The Well is run by the Society of the Sacred Mission. "When people come on retreat, they are invited into our lives, to join us in our daily worship and our meals," Mrs Baker says. Of the five people who run Sheldon, on the edge of Dartmoor National Park, Dr Horsman says: "We are fellow travellers with the people who come here."

Some retreat houses have a particular character, such as Iona and Holy Island, which are both strongly Celtic; and St Beuno's, in north Wales, which specialises in Ignatian retreats. St Katharine's, Limehouse, is located in the East End of London, and a retreat there is a retreat not from the world, but almost deeper into it. "There are people who come here because they want to be real," the Master, the Revd Mark Aitken, explains. "They want to learn to pray not in the countryside, but in the very heart of the city."

Not that retreats even need to be building-based. The journalist and writer Brian Draper offers half-day spiritual "saunters" in the grounds of Mottisfont Abbey, in Hampshire, and one-day "active retreats" that combine running or mountain-biking in the Bedgebury Forest with guided reflection.

The Retreat Association has made grants to universities to have weeks of guided prayer on campus, often for people who have no church affiliation but who are longing for something deeper in their lives. At last year's Greenbelt Festival, it even ran a virtual retreat on Twitter. And the APR is developing an app that will enable people to access quiet-day material via their mobiles.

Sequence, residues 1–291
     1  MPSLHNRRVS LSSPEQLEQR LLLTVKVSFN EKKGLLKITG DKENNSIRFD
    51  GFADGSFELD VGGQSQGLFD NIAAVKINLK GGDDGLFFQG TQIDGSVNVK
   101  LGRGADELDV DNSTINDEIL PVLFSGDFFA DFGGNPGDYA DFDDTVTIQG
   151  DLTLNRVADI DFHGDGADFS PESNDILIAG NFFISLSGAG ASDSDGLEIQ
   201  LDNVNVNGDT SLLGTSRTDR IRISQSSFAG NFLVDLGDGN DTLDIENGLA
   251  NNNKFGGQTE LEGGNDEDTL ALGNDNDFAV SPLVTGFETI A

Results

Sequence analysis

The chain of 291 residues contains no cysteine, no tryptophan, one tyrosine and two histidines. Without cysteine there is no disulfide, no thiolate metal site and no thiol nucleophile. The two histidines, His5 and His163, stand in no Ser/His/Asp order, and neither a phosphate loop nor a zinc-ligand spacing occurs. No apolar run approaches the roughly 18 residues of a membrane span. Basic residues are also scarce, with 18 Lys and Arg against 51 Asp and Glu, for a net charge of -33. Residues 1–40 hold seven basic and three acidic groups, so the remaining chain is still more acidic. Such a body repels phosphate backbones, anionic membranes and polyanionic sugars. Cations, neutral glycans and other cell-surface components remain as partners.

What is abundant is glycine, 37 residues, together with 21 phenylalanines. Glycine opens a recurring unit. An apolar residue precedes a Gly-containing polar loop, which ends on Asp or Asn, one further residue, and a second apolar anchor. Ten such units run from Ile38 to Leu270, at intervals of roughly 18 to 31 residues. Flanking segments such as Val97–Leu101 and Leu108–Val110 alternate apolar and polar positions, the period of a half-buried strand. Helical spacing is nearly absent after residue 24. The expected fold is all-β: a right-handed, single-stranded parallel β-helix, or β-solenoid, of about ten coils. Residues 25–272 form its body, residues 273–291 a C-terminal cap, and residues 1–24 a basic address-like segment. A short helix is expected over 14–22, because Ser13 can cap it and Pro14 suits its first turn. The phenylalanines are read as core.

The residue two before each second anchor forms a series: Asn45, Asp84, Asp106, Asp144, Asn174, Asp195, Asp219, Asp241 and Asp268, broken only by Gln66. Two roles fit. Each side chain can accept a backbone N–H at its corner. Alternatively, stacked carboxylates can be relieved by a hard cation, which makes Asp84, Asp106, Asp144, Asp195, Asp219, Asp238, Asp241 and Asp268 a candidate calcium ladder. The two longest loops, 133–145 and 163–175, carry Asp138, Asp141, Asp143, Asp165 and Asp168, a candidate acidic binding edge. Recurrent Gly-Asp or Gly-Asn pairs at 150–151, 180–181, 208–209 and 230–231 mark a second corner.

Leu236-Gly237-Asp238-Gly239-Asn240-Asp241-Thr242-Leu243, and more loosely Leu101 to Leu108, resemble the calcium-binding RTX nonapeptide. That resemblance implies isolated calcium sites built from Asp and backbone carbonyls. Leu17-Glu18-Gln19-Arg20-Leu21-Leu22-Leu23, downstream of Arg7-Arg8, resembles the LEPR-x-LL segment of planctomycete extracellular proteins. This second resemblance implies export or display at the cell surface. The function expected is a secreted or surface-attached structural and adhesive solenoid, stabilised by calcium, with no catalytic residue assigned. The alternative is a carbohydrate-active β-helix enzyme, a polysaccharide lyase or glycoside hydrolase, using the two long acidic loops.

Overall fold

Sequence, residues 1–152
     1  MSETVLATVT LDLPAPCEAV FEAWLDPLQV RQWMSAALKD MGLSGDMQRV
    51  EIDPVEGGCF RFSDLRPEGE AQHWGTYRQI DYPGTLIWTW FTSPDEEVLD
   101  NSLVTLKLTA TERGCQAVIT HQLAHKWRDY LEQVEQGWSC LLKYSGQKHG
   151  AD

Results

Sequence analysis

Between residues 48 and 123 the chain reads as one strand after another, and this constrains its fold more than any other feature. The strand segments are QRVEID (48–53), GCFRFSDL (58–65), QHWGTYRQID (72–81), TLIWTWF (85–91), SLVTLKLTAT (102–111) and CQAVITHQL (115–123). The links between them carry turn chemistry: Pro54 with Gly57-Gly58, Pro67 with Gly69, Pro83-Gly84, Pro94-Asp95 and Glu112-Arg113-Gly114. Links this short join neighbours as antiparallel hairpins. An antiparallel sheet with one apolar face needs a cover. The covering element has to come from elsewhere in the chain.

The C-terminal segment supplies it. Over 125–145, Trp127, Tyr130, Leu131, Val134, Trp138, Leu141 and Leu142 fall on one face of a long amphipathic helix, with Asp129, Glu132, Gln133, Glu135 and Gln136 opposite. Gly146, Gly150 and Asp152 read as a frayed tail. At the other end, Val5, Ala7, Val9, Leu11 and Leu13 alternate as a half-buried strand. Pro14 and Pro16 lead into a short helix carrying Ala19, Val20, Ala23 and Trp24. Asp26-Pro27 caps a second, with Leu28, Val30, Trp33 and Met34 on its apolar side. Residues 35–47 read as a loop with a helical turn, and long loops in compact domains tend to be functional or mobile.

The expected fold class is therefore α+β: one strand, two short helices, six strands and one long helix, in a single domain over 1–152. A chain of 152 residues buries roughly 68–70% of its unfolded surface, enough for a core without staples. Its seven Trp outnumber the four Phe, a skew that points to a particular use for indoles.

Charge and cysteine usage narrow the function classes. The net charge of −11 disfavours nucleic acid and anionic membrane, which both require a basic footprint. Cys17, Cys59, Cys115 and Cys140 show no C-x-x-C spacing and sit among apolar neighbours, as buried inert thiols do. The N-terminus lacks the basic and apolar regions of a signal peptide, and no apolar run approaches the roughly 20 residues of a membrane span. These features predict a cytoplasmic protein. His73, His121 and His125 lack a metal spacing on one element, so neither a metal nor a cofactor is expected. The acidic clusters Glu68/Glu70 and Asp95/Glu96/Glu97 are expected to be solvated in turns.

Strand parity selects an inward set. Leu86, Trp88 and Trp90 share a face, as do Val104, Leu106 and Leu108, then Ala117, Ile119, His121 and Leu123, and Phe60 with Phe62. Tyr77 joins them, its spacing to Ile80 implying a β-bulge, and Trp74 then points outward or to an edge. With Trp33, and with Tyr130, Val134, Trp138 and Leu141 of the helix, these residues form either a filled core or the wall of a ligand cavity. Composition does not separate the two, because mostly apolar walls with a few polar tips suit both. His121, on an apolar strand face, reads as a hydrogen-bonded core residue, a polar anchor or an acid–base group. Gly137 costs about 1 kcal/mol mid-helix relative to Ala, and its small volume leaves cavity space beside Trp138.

"There's a whole host of new spiritualities bubbling up," the Revd Ian Green, who chairs the Retreat Association's trustees, says.

Clergy are still undertaking the majority of retreats and quiet days, and the lay people who do so are overwhelmingly middle-class -principally, perhaps, because they are not cheap. Mrs Baker notes that, because the church is less and less the centre of people's social lives, there has been a huge decline in parish weekends away.

At Sheldon, Dr Horsman says, perhaps half of those who attend its "open-to-everyone" ministry are clergy or Free Church ministers, or their spouses, and most of the laity are aged over 50. "Generally," he says, "when you look down the list of people arriving for a week, probably half of them have been before."

The general manager of Wydale Hall, Barry Osborne, says: "We get an awful lot of regular visitors who come every year - sometimes twice a year, sometimes a lot more."

"We have a real mix of guests," Mr Rowe, of Lee Abbey, says, "but one of the things that has been very noticeable recently is that there are more people coming from denominations other than Anglicans and Catholics, the ones you would normally expect.

"People from the newer church groupings are coming to explore the experience of retreat here. Lee Abbey is a bit of a crossover point, in that its roots are Anglican, but it's always had a connection with New Wine."

Mrs Baker recommends that people going on retreat should aim to arrive for lunch, and then rest and have a walk. She also recommends that iPods and iPads are left at home, if possible.

"It is amazing, the number of people who come here who get really agitated if they can't get their mobiles or tablets to work - even people who have come to be quiet," the warden of Foxhill, the Revd Taffy Davies, says. "Recently, I had someone almost in tears because they couldn't get online late at night."

At Lee Abbey, the community is still debating whether wifi should be made available to guests at all. As one committed retreatant, the Revd Bruce Batstone, observes, the wayto get the most out of a retreat is to be disciplined in trying to make sure that nothing disrupts it.